UKIPT Cork: Sam Razavi wins UKIPT Cork and €71,000
Sam Ravazi has won UKIPT Cork and €71,000 defeating David O'Connor heads up in a tough two-hour bout. Ravazi fought back from a two-to-one deficit to beat O'Connor, who was playing his first major live tournament. While both players deserved to be in the final two, UKIPT Cork will be remembered most for a moment deep into the final table when there were just three players left.
"David is going to need running cards to avoid elimination," are words that Martin Mulsow will be trying to forget for some time. Five million chips sat in the middle of the table as the tournament official announced the state of play; David O'Connor, all-in and at risk, with A♦K♦ and Martin Muslow, looking to cement a major chip lead, with A♥A♣ on a 6♣9♥J♠ flop. Sam Razavi watched on from the side lines, waiting to see who he would face heads up for the UKIPT Cork title; the indomitable Irishman or the maniacal German. It looked for all the world that it would be Muslow, O'Connor just 1.92% to pull off the suckout of the Century. Then the K♥ hit the turn.
"David is going to need a king and only a king," the official pointed out as the cameras cut from face to face to board. The room, now deathly silent, waited for the river card. Just two outs for O'Connor. The K♠ hit the deck and O'Connor's rail, which included UKIPT champs Nick Abou Risk, Max Silver and David Vamplew, erupted. Mulsow, smile wiped from his face, stood hands on hips, battered and bewildered. A round of beers and chasers already ordered, a victory toast too soon. Of course, we'd had to lose a lot of players by that point so let's wind things back a bit.
Before the final table proper began we had to lose three players, having finished Day 2 late with 11 left. The three that didn't make that final hurdle were Marc Gaudlitz, fan favourite Phil Baker and Vincent O'Connor. After a short break - TV shenanigans as per usual - the final eight sat down to play through to the €71,000 UKIPT title.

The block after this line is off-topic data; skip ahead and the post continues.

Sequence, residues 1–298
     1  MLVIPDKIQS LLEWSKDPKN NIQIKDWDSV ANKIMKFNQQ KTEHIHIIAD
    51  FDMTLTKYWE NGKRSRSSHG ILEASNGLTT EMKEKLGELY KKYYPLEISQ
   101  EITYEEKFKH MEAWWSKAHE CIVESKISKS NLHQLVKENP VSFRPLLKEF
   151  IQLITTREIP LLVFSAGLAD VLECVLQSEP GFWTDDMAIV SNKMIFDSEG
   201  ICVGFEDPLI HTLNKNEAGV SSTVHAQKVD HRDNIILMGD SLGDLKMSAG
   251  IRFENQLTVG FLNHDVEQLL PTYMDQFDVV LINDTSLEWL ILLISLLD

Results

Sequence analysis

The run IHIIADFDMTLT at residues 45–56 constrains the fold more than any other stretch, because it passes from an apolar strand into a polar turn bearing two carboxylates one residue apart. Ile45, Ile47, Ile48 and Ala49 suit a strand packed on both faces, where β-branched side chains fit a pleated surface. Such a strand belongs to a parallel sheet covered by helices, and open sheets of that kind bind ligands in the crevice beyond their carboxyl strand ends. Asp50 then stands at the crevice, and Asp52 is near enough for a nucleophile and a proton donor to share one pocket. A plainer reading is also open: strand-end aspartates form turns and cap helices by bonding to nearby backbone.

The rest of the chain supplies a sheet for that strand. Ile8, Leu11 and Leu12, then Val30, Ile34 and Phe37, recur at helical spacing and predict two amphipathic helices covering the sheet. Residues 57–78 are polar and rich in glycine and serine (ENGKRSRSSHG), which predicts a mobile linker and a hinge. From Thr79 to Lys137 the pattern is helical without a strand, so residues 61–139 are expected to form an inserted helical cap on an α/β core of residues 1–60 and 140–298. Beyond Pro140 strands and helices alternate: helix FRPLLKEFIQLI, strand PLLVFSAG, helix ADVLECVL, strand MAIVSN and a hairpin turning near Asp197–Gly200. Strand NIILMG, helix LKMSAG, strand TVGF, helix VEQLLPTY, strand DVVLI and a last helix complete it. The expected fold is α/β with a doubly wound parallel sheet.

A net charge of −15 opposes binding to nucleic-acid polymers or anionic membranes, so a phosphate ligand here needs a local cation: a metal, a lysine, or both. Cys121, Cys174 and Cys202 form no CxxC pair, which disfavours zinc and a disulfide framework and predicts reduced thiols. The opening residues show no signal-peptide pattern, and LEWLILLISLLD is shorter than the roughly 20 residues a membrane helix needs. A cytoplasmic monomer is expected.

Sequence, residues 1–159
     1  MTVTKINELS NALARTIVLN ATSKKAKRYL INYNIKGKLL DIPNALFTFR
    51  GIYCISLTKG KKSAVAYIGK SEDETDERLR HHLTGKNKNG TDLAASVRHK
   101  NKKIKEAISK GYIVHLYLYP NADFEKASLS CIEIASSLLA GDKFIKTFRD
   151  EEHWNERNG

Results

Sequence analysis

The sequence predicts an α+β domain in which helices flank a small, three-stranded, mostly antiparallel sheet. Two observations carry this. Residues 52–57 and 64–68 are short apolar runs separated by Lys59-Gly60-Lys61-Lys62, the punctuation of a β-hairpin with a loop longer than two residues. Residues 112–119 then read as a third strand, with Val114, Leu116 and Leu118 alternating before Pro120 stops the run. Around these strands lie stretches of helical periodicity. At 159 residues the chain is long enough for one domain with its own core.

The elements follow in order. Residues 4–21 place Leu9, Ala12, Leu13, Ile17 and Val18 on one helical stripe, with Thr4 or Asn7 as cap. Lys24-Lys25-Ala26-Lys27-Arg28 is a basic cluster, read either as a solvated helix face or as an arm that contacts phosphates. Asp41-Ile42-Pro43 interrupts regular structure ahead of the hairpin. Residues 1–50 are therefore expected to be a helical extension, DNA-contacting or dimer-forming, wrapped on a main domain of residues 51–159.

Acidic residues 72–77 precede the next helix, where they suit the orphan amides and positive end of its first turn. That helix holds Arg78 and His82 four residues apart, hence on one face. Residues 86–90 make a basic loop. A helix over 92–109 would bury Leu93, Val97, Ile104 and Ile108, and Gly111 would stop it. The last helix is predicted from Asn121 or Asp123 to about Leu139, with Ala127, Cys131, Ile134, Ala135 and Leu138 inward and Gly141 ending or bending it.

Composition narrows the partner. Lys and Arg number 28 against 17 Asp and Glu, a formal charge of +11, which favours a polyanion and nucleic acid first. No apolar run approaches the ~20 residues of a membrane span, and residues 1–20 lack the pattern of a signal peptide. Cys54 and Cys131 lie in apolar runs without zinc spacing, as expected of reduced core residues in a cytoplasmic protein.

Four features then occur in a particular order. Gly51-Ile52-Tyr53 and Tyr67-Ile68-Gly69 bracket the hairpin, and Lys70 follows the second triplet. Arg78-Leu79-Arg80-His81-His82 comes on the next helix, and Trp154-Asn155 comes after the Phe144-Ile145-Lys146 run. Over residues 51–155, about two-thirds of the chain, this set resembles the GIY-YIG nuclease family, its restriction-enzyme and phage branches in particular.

Seat one: Allen McCauley, Ireland, 1,522,000
Seat two: Peter Burnett, United Kingdom, 477,000
Seat three: Martin Mulsow, Germany, PokerStars player, 1,878,000
Seat four: Adam Jaguscik, Poland, 886,000
Seat five: David O'Connnor, Ireland, 629,000
Seat six: Sam Razavi, United Kingdom, 2,013,000
Seat seven: Jamie Flynn, Ireland, PokerStars qualifier, 504,000
Seat eight: Chris Dowling, Ireland 822,000
Peter Burnett was the first to go jamming A♠5♦ into the pocket nines of Chris Dowling but that stack top up didn't help the Irishman to go much further, he bust out with pocket tens to Razavi's jacks just an hour later in seventh
With two players gone Adam Jaguscik, who had been ground down by O'Connor and Razavi on his left, found a hand with K♥Q♥ and got it in. Unfortunately for the Pole, Flynn held pocket queens. That left five with Razavi still a long way out in front, O'Connor and Flynn catching.
Allen MacCauley was next to fall after shoving a short stack in with rags and getting looked up by Mulsow with A♦2♦. No outdraw and he was despatched in fifth place, but looked thrilled to bank €14,800. The gregarious German had started the day second in chips and was now back up to 1,300,000, back in the running.